With lab in place, astronauts prepare for today's return
CAPE CANAVERAL, Fla. (AP) -- Space shuttle Atlantis' astronauts packed Saturday to return home today following their successful delivery and installation of a billion-dollar laboratory to the international space station.
After dropping off the lab, the shuttle astronauts picked up hundreds of pounds of trash and unused equipment from the space station to bring back to Earth. They were pleased with the trade -- and thrilled with how well everything went.
"I guess there's been some anticipation, and fear along with it, too, to do a good job and to get everything done," said commander Kenneth Cockrell.
NASA expected the weather to cooperate for the shuttle landing this afternoon at the Kennedy Space Center, as long as a cold front passes through the area in time. There was a slight chance that wind gusts could shift and pose crosswind concerns, said Flight Director Leroy Cain.
After 1 1/2 weeks of nonstop work and worry, Cockrell and his crew enjoyed a quiet Saturday in orbit, one day after leaving space station Alpha.
Woman in sinking car dies before rescue units arrive
MIAMI (AP) -- A woman spoke with a 911 operator for nearly 3 1/2 minutes Friday as her car sank into a canal off Florida's Turnpike. She died before rescue workers could find her.
Tire marks indicated that the car skidded onto the shoulder, turned back onto the road, then spun counterclockwise into the canal, which runs parallel to Interstate 75, said Florida Highway Patrol Lt. Pat Santangelo.
Karla Gutierrez, 32, of Miramar, near Fort Lauderdale, dialed 911 from her car at 5:09 a.m. and spoke with an emergency operator until the line went dead. "My car's sinking," she told the emergency worker.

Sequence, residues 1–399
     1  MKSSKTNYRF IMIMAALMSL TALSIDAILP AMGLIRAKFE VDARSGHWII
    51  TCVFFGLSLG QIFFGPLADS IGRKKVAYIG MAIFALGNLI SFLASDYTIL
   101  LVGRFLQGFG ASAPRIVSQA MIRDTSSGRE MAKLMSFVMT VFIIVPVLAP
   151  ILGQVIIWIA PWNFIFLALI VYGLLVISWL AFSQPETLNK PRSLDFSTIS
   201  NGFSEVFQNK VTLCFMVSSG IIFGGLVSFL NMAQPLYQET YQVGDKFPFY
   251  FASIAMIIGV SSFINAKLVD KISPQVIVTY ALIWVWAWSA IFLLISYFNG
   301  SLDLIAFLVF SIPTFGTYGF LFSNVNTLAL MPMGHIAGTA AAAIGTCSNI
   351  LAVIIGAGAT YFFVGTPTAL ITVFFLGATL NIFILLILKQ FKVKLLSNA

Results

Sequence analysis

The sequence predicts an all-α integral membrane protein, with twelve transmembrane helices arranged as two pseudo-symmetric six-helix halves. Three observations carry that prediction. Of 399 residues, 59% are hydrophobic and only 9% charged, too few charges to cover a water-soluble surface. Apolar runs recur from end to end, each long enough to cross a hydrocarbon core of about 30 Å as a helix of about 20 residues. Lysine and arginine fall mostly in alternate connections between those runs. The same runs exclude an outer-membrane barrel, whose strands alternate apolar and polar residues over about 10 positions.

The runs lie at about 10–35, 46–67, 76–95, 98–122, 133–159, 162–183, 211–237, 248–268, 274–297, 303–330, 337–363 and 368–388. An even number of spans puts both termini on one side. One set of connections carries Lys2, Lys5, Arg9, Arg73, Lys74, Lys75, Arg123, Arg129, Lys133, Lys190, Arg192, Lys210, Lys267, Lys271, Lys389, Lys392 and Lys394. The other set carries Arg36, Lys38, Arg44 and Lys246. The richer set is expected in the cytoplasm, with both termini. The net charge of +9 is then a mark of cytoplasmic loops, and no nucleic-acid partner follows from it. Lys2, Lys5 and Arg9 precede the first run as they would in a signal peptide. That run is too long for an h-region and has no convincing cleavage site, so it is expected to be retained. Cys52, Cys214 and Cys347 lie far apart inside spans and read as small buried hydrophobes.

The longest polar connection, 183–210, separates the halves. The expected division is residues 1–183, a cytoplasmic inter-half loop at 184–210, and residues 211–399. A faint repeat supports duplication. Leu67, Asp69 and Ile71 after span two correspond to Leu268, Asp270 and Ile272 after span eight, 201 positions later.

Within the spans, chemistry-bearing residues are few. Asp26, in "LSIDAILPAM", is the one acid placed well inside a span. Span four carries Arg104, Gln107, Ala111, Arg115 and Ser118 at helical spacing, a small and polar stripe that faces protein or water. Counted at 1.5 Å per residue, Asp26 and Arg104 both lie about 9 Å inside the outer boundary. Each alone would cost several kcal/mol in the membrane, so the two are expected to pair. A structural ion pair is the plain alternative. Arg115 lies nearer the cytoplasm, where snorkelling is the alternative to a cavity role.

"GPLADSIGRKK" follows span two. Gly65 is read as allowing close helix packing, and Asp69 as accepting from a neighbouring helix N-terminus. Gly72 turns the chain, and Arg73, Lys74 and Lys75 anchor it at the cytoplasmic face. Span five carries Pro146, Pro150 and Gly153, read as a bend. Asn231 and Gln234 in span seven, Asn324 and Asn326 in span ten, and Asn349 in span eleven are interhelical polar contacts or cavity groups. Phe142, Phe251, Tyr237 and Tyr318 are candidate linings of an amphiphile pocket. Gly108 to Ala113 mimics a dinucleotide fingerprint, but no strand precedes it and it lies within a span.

Several rescue units were dispatched at 5:16. Divers found the car with the driver's-side rear window fully open and the passenger's-side rear window partially open.
No one saw the accident, and there was no indication that another car was involved, Santangelo said.
University of California may drop SAT requirement
BERKELEY, Calif. (AP) -- The president of the University of California has recommended dropping the main SAT as an admission requirement at its eight campuses, saying the test is an unfair measurement of students' abilities.
The development could affect the way high school students in California and across the nation prepare for college. The University of California system is one of the nation's largest, with 170,000 students.
Richard C. Atkinson was to announce his recommendation today in a speech to the American Council on Education in Washington, D.C.
"Anyone involved in education should be concerned about how overemphasis on the SAT is distorting educational priorities and practices," Atkinson says in a draft copy of the speech.
Atkinson has asked UC's Academic Senate to consider dropping the SAT I -- which includes a verbal and math test -- and to take a more comprehensive look at applicants. The university would continue to use the SAT II, a three-part test more closely tied to subjects studied in high school.
Vermont teen jailed after bombs are found in home
MILTON, Vt. (AP) -- A 17-year-old Milton boy was in jail Saturday after police found several pipe bombs in his room.
Bradley C. Bell was taken from class at Milton High School at midmorning Friday and questioned by police after they received a tip during an investigation of two bomb threats to the school Wednesday and Thursday.
He was later charged with possession of destructive devices -- a felony that carries a prison sentence of up to 10 years. He has not been linked to the bomb threats.
Bradley's friends told police he had bragged about building several pipe bombs and had even drawn a map, which the students thought showed the junior-senior school building, showing where the bombs might be most effective.
Bradley denied that the bombs were planned for the high school. He told police that he had tried unsuccessfully to set one off in the woods two weeks ago.
Eighth-grader is accused of compiling 'hit list'
MIDDLESEX, N.J. (AP) -- An eighth-grade pupil who allegedly compiled a "hit list" of people she wanted to kill has been charged with 10 counts of making terrorist threats.
The 13-year-old girl allegedly compiled a "People2kill" list with the names and photos of fellow classmates.
At a hearing Friday, a judge released the girl into her parents' custody and ordered her to remain under house arrest. She must undergo mental health evaluations before her next court appearance, Feb. 28.
If convicted on any of the charges, she faces a two-year term in a juvenile detention facility.
A school librarian found a copy of the list and notified school officials. They spoke to pupils and determined she had created the list.
No weapons were found in the girl's locker or book bag. The girl had no prior disciplinary record.